While conducting research, S&T examined factors that included gas levels, humidity, environmental conditions, temperatures, and particulate levels. One of the deadliest aspects of fires are the different particulates that wildfires generate, with 2.5 parts per million (ppm) being the most common and deadliest, causing respiratory problems. These new sensors can detect gases and particulate levels that are about 1,000 times more sensitive than a home smoke alarm—while this is great for detection, it could also result in possible false positives, making the AI algorithms even more important to sensor wildfire detection.

S&T then modeled a historic wildfire to understand the level of concentrations of smoke composition, particulate matter, and dispersion at varying distances and wind conditions. This helped validate assumptions S&T had made from our research on how to best distribute sensors.

Sniffing for Wildfires

In 2021, S&T participated in an interagency test and demonstration of prototype sensors from multiple small business partners on about 1,000 acres in Northern California over two days. The sensors collected data and detected ignitions over time at a distance ranging from one to five miles.

In 2023, two small business partners deployed a total of 200 alpha wildfire sensors in various locations in the U.S. and Canada. One of the alpha sensors field-tested in Colorado identified a reignition at a controlled burn site and generated an alert that was passed along to the county office of emergency management. The alert gave the agency a significant 37-minute head start prior to the first 911 call, allowing for a much faster emergency response. Overall, the alpha sensors collected over 1,000,000 hours of data in the field, which was used to enhance the artificial intelligence (AI) learning algorithms now used in the updated beta sensors.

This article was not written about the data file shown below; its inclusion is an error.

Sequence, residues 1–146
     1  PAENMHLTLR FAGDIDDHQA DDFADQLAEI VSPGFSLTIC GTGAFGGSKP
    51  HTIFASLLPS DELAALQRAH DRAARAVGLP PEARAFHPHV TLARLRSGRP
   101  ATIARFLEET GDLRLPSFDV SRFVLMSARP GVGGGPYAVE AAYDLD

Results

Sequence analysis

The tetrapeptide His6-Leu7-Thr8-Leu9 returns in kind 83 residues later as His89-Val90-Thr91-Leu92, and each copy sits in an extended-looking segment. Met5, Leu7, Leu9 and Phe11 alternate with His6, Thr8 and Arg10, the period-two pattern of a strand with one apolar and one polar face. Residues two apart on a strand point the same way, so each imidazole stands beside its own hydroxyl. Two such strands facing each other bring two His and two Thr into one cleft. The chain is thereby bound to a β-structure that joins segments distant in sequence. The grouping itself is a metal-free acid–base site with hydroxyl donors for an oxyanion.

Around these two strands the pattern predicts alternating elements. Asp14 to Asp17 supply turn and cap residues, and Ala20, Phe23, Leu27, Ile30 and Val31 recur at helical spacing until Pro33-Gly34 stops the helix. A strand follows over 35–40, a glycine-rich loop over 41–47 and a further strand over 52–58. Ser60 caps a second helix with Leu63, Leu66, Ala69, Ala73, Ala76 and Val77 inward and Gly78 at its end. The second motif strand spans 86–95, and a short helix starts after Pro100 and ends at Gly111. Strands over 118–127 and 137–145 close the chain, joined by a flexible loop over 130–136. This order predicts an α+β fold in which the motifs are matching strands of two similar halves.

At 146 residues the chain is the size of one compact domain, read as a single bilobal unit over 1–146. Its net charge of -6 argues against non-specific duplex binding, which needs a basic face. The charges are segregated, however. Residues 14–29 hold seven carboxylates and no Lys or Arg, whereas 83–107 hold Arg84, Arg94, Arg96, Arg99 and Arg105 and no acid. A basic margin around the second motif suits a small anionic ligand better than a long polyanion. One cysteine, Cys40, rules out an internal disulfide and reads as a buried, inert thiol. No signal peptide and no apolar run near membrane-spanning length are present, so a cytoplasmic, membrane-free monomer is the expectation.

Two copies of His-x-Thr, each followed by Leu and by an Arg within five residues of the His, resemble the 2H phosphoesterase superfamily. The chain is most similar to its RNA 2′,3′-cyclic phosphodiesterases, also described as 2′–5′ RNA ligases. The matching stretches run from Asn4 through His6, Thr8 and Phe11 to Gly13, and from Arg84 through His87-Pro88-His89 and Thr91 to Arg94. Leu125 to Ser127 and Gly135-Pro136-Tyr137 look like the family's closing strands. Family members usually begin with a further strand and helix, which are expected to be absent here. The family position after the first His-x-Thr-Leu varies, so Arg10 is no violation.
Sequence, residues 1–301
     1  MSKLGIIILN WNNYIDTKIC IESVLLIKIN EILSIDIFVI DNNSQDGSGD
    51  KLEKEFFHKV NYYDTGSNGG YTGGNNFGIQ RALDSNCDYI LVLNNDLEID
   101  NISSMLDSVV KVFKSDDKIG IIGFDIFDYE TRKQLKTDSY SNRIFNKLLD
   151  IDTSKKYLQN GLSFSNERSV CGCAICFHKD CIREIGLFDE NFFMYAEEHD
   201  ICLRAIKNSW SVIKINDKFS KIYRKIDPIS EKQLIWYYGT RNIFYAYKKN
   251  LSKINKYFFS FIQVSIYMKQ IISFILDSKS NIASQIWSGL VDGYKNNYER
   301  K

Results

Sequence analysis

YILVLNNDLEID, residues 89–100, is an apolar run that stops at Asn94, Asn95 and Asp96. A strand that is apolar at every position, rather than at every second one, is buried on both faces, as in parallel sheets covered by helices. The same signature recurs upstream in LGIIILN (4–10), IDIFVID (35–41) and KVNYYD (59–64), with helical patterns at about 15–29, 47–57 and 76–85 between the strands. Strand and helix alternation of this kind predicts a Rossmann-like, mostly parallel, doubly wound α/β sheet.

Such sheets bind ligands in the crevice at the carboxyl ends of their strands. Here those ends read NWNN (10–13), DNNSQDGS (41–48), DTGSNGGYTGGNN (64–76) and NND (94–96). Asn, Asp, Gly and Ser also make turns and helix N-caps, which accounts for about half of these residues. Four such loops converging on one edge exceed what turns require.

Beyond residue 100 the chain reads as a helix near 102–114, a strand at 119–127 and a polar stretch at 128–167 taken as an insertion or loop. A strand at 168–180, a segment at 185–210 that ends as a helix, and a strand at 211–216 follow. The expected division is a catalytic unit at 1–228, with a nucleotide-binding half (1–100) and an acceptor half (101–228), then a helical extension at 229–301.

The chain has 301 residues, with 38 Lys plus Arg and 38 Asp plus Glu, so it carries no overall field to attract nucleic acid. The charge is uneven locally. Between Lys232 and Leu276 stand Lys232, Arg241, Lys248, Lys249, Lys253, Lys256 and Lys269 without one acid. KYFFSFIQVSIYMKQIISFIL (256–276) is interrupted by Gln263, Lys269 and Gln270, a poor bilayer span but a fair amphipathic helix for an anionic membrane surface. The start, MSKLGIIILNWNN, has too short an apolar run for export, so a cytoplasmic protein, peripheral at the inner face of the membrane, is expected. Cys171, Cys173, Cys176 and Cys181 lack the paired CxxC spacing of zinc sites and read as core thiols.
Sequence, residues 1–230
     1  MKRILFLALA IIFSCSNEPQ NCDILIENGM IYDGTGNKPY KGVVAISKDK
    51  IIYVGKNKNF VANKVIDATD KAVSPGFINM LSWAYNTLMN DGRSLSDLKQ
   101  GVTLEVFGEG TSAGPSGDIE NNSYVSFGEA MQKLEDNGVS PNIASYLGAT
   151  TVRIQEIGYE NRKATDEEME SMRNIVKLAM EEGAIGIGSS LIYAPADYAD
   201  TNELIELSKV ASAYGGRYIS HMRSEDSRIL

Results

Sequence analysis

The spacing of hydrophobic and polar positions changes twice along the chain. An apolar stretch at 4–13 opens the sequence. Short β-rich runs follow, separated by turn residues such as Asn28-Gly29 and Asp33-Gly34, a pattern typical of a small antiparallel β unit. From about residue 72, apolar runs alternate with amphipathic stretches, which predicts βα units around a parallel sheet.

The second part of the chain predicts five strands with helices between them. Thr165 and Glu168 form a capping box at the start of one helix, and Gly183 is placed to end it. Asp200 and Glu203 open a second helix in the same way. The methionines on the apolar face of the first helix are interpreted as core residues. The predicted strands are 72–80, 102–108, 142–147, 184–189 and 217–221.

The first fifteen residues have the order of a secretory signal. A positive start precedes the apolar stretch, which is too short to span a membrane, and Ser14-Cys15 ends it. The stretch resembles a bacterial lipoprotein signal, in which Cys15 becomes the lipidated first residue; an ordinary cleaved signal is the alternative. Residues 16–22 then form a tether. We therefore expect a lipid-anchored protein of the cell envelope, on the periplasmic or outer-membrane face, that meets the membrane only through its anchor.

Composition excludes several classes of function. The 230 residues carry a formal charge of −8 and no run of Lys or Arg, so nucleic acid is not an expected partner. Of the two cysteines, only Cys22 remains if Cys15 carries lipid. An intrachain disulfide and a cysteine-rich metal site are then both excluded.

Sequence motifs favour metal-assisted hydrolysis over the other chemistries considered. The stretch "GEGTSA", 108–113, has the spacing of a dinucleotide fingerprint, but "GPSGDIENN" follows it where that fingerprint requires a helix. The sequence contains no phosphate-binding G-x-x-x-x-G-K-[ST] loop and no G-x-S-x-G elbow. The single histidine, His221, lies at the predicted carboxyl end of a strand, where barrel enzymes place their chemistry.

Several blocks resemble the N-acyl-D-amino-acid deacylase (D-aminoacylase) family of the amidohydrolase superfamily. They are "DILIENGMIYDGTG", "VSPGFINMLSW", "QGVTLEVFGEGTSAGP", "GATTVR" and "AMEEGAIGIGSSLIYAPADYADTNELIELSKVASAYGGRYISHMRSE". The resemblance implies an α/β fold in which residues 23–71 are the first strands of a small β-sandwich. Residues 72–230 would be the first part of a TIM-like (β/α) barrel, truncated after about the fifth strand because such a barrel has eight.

Throughout 2024, S&T and a small business partner, N5 Sensors Inc., in collaboration with the U.S. Fire Administration, will deploy approximately 200 beta wildfire sensors for operational test and evaluation with fire community stakeholders. Because they are “learning” sensors, they will gather data to establish a baseline for its location. The beta wildfire sensors will be able to notice unusual concentrations or spikes in particulates or carbon monoxide, that are unusual for the area based on its past data collection.

N5 Beta Wildfire Sensor mounted on post. Solar panel at bottom, sensor box in middle, wind sensor at top. Located outdoors with trees and grass behind sensor set up.

The new beta version wildfire sensors will also include:

  • Improved ability to operate in areas with limited cellular connectivity, with enhanced alert and warning notifications;
  • Reduced power consumption for longer run times between recharge cycles; and
  • Integrated wind sensors that replace third party wind data, increasing accuracy of wildfire location prediction.

The inaugural beta deployment will be in Hawaii. Working with partners such as the Hawaiian fire chiefs and state and local officials, S&T plans on deploying 80 wildfire sensors and 16 wind sensors across the Hawaiian Islands. These sensors will collect data that can further refine how the final sensors perform, while also detecting anomalies that may indicate a fire. Through partnership with the Hawaii fire chiefs and stakeholders at the state and local levels, the team will test and evaluate the sensors in ways that will have national benefit beyond the shores of Hawaii.

Additional planned 2024 beta test locations include California, Colorado, Tennessee, Arizona, and Canada.

Alerting agencies to early ignitions is critical to successful emergency prevention, response, and recovery efforts, both for communities and public safety. A network of intelligent sensors allows first responders to get to the source of ignition sooner to suppress an initial blaze before it spreads out of control. Advanced notice of an imminent fire hazard could also grant time needed for communities to make life-saving evacuation decisions.

Through continued R&D in wildfire sensing capabilities, S&T and USFA aim to help communities detect and respond to wildfire emergencies more efficiently for a safer and more resilient homeland.